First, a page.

Biosecurity - are you a biohazard?
Although breeding time is very exciting -- for both the breeders and observers (potential puppy buyers, admirers, or friends and family) it is also a very stressful and concerning time. Breeders must be worried about many factors, the foremost of which is the viability and health of the dam and puppies.
Biosecurity is the best way a breeder can battle these concerns. The periparturient period is noted as the period of highest risk (Dendoncker, et al., 2018). This is the period immediately prior to and following birth. Through proper management, we reduce the risk during this period. We utilize a number of tactics.
When our dogs leave the property, whether to attend shows, visit friends with dogs or other outside events during a breeding period, we then quarantine the dogs who left the property for at least 10 days. As we do not have facilities to do this on site at this time, we instead house them off site at friends or families that do not have travelling dog populations or no dogs. This acts as a 'closed herd' for the time being.
A 'closed herd' is a population of known health status, with no one from the population going to exhibition, no new animals coming in, and proper management to keep outside factors away; a closed herd is the safest way to maintaining a disease free population.
Once a minimum of 10 days has passed (which is a common incubation period) in which no symptoms have been recorded, quarantine has been achieved and we can bring the dogs home. We then bathe them to wash any topical agents away, and preemptively treated with immune boosting homeopathic and vitamins. It must be noted that for some infectious agents there is no length of isolation sufficient -- in such cases animals may shed these agents for their lifetime. These would have to be dealt with as as they occur (Daly, 2007).
We also do not take grooming or boarding clients at the time.
In regards to human visitors, we have a two step method. First, after the first trimester (21 days) we do not allow visitors. We call this "going into lockdown". It reduces the chance of passively transferring pathogens such as canine infectious herpesvirus or corona virus, which we have seen result in the health of an entire litter of 3 week old puppies (as a result of the dam being introduced -- potentially -- to the pathogen prior to parturition). Some pathogens can travel in as unsuspecting methods as nasal passages and under fingernails, as well as on skin and clothing. The best way to combat this is to require fresh clothes and for visitors to be freshly washed as well as scrub their hands upon arrival.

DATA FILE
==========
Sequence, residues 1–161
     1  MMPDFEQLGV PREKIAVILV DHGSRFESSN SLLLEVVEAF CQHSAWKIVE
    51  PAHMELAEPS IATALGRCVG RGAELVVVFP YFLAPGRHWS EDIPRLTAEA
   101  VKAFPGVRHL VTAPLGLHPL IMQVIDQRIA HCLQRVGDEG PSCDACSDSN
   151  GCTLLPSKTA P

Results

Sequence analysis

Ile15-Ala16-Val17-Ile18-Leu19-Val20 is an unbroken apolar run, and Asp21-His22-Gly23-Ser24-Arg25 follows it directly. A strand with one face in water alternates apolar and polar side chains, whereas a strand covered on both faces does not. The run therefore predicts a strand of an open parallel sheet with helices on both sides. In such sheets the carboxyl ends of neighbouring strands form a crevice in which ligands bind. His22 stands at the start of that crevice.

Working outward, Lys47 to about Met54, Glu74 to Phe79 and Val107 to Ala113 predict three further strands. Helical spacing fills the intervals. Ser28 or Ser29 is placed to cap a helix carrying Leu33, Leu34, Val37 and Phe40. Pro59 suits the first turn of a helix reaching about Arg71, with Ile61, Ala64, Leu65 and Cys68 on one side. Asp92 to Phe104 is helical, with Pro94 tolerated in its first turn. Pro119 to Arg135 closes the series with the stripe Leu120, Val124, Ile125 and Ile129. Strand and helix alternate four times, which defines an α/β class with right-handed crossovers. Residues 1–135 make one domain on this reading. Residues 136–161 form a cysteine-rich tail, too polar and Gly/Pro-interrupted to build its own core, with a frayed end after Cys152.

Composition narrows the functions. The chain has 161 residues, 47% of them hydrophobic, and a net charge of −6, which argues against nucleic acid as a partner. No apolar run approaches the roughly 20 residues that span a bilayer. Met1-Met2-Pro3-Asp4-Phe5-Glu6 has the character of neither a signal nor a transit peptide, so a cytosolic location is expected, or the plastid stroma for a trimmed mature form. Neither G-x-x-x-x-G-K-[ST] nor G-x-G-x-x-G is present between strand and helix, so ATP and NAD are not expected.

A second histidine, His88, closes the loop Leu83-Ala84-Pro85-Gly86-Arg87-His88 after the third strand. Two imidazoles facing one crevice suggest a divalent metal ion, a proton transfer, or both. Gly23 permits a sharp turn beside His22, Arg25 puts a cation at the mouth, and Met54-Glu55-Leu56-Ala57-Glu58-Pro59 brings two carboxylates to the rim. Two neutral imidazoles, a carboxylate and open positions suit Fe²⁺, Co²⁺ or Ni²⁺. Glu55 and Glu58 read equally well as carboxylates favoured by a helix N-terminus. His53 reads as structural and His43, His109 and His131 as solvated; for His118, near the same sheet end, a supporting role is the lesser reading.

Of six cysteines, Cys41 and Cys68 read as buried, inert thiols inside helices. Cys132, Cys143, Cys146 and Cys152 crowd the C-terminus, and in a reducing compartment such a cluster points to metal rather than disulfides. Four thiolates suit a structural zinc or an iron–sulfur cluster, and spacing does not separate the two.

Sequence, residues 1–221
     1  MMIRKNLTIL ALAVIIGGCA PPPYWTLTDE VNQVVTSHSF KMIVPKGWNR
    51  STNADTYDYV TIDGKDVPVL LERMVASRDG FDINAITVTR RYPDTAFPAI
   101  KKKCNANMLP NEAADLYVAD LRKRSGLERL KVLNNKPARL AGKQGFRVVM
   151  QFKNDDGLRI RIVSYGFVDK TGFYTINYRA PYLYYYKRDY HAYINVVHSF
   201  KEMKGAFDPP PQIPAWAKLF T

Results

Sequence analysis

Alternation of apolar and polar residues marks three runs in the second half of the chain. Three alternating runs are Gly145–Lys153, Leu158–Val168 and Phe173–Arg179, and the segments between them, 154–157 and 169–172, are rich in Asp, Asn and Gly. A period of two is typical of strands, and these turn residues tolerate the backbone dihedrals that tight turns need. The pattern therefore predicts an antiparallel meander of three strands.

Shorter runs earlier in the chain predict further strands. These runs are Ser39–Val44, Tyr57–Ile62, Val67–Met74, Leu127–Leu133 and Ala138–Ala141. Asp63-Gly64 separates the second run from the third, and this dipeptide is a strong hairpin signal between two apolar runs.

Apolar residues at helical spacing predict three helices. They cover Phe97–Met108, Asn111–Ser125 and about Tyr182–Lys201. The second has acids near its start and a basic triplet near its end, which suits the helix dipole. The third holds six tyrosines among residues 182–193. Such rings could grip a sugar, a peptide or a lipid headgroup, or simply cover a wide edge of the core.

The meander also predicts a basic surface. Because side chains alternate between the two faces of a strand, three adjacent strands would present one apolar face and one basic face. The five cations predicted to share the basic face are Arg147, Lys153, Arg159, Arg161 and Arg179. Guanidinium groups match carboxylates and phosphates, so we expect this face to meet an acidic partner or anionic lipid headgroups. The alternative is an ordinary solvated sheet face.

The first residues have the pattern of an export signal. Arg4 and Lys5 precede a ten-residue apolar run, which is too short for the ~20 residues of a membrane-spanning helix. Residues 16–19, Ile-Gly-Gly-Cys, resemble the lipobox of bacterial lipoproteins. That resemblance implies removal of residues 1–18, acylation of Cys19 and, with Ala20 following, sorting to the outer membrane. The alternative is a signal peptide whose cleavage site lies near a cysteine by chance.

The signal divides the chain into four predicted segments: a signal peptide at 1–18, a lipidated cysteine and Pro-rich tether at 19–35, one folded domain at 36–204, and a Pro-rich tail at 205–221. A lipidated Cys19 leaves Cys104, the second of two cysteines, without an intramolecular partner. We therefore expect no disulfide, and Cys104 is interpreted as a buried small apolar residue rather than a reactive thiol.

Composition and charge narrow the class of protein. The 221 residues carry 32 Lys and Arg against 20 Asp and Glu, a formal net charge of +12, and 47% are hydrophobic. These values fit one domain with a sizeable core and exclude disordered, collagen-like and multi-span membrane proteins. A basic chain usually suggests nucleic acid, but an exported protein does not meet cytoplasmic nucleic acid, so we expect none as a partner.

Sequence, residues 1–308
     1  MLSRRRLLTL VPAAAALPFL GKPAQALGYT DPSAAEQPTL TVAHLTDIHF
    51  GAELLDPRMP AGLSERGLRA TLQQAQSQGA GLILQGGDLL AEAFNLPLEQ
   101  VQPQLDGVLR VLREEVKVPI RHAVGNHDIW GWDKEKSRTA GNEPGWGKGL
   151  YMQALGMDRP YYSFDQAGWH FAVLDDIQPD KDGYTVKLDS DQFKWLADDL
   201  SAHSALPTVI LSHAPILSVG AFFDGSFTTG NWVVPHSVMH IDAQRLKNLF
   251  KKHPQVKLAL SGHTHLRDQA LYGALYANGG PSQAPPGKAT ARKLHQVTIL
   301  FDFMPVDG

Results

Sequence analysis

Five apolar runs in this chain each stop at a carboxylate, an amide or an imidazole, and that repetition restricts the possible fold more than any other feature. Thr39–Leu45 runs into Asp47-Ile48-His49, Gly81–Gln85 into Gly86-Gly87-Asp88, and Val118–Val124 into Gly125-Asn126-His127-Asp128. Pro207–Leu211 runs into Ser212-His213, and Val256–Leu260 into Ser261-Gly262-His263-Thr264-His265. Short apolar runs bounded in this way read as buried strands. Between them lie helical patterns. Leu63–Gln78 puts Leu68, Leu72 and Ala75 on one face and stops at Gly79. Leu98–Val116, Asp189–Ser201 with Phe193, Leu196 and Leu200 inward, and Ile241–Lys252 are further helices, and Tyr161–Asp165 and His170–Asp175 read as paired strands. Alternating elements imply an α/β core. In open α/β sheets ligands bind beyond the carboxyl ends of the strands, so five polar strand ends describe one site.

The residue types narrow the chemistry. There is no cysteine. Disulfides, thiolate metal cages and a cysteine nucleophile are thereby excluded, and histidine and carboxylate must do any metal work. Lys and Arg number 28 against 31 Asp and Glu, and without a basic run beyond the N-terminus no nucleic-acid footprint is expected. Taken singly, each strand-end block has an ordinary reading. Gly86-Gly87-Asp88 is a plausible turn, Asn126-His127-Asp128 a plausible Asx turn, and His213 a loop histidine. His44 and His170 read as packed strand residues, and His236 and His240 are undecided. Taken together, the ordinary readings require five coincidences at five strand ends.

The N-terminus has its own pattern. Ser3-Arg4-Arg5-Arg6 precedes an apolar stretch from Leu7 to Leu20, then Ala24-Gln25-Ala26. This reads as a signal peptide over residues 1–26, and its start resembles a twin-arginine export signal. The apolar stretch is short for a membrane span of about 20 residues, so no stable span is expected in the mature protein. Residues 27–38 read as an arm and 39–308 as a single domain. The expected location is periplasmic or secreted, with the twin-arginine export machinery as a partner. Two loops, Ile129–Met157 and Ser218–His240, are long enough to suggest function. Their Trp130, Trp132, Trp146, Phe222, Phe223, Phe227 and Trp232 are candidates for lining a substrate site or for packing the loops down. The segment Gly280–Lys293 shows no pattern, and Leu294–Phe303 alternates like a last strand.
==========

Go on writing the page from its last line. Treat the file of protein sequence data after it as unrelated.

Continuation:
Once the puppies are 4-5 weeks old we can comfortably allow visitors, as long as they wear clean/fresh clothes, wash their hands and do not visit other kennels that day. No canine visitors are allowed.
At 7-8 weeks we then have a veterinary house call to allow the puppies to have their vaccinations without being exposed to the potential pathogens in a clinic, prior to vaccinations.
We attempt to consider all venues and preventions for our dogs. Quarantine is historically effective, however other venues such as indirect transmission (humans, vehicles, rodents, wildlife, food, and water) must also be monitored.
Biosecurity is not just limited to outside factors. We must also ensure their living areas, from whelping pen to puppy play areas, are kept clean and disinfected. Consistent use of disinfectant and cleaning protocols is key.